Productivity Commission on Maternity Leave

The ACTU and the union movement believe that paid maternity leave is a fundamental human right that should be provided to all mothers. It will benefit mothers, family, the economy and business.

The ACTU has called for paid maternity leave to become a new national employment standard after the Productivity Commission hands down its findings in February 2009, and to put it in the May 2009 Budget.

Now, after 30 years of campaigning, it looks as if Australian women are finally about to win a universal paid maternity leave scheme. In September, after months of considering submissions and evidence from women themselves, the Productivity Commission released a model for a proposed 18 week scheme.

The Productivity's proposed model

  • Paid leave funded primarily by the federal government at minimum wage rates ($543.78 per week); will be taxed.
  • Employers to continue paying 9% superannuation on the paid leave.
  • Available to all working mothers who have worked at least 10 hours a week on average over the previous 12 months, with the same or various employers.
  • 18 weeks to be taken after any other paid maternity leave provided by the employer.
  • 18 weeks must begin within 6 months of the birth of the baby.
  • 18 weeks not available before the birth.
  • 18 weeks cannot be taken at half pay.
  • 18 week payment not available to “stay at home” mothers who will continue to receive the baby bonus and Family Tax Benefit part B (a lesser amount).
  • 2 weeks paid paternity leave.

The proposed scheme is a great start but it isn’t perfect. In the next round of consultations with the Productivity Commission, the ACTU and unions want to see some fine-tuning on the following:

  • A requirement that employers “top-up” the government’s paid leave to make sure women earning above the minimum wage receive full income replacement.
  • Flexibility on the qualifying period. Some women may have been working for 12 months or more but their hours might fall slightly short because of unavoidable gaps between shifts or jobs, particularly if they are casual employees.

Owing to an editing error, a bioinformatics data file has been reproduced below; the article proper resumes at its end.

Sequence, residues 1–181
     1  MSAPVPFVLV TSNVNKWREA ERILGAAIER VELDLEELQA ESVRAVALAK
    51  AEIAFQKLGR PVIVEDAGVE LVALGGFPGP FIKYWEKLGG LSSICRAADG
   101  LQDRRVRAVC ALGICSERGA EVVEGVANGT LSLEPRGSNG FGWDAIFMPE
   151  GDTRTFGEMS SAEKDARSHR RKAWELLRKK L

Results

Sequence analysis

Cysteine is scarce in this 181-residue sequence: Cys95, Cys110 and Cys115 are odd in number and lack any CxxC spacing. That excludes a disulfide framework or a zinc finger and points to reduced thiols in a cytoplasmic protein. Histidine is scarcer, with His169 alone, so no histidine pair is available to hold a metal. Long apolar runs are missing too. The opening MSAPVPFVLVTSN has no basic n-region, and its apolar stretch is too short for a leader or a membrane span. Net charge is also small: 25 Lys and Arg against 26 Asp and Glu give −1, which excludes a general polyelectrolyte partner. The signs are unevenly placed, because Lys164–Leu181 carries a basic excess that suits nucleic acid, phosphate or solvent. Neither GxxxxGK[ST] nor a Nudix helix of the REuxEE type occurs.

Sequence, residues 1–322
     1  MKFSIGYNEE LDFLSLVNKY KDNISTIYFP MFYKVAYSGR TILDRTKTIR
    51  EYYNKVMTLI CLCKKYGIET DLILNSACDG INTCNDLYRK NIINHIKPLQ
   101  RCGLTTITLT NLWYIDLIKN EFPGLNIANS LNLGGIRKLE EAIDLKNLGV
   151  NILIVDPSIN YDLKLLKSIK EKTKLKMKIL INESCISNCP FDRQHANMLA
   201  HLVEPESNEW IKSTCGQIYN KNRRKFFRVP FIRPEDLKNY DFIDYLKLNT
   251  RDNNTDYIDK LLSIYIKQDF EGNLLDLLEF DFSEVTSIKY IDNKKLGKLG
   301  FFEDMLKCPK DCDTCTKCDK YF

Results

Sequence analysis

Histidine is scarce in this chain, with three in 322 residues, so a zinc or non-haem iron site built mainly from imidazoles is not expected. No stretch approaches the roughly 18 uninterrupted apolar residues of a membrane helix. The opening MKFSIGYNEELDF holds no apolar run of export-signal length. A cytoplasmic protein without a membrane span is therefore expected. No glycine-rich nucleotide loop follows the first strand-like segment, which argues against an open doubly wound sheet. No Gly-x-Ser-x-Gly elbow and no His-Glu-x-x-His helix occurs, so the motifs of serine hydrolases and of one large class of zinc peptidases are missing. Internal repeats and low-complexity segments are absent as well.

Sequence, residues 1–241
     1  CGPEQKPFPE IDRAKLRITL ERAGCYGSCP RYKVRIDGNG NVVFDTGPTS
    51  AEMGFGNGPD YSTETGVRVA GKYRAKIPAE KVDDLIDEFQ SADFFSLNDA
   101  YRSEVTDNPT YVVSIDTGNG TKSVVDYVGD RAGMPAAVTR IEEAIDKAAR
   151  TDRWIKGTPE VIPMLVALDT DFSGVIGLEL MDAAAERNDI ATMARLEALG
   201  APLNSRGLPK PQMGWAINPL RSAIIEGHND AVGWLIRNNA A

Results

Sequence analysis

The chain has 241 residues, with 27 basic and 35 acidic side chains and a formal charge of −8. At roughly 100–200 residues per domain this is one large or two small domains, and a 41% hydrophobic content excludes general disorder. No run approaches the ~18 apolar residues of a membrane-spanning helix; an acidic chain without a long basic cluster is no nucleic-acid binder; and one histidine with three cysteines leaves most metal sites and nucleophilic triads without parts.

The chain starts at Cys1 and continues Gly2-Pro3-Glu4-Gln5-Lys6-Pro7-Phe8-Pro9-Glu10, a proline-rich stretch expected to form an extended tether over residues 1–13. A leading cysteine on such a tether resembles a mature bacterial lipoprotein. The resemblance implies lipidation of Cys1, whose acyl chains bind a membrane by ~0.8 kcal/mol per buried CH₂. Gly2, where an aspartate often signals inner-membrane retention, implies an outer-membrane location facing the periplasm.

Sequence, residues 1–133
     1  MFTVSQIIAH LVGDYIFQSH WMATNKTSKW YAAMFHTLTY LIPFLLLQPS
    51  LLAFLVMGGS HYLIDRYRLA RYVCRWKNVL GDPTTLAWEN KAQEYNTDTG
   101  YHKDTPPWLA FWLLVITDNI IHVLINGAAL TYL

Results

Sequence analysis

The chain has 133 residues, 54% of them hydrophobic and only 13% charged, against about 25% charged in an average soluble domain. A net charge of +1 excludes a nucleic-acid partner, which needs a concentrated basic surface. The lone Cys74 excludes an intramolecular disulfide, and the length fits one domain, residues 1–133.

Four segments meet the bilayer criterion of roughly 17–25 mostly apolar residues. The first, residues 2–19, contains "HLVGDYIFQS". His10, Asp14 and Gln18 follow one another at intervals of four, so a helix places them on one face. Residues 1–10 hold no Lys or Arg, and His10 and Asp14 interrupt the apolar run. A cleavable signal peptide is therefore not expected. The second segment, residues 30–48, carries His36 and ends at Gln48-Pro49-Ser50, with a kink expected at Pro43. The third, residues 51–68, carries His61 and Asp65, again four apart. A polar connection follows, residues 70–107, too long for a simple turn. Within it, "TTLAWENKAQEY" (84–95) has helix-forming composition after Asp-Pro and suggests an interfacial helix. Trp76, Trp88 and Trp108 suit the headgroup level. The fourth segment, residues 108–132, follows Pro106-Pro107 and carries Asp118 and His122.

• Flexibility on when mew mums can take the 18 weeks leave. For example, a woman taking 14 weeks of employer-funded maternity leave at half pay over 28 weeks would go over the 6 month (26 weeks) deadline to access the additional 18 weeks paid leave offered by the government and therefore miss out altogether.
  • Flexibility to allow women to take some of the 18 weeks paid leave before the birth of the baby.
  • Allow women the choice of taking 18 weeks paid leave at half pay over 36 weeks.
  • Offer an equivalent payment to “stay at home” mums, who would receive substantially less under this proposed model. The ACTU and unions would like to see an end to the artificial distinction as most women work until their first child is born and most return to work when their children are older.

What you can do
After the next round of submissions and hearings, a final proposal will be handed to the Rudd Government in February 2009, which has indicated it plans to act on the recommendations. We will want the scheme to start as soon as possible and everyone will need to keep campaigning hard to make sure it’s included in the 2009 May Budget.

Watch everyday Australians tell PM Kevin Rudd why paid maternity leave should be included in the 2009 Federal Budget, and take action on the ACTU campaign's website Your Rights at Work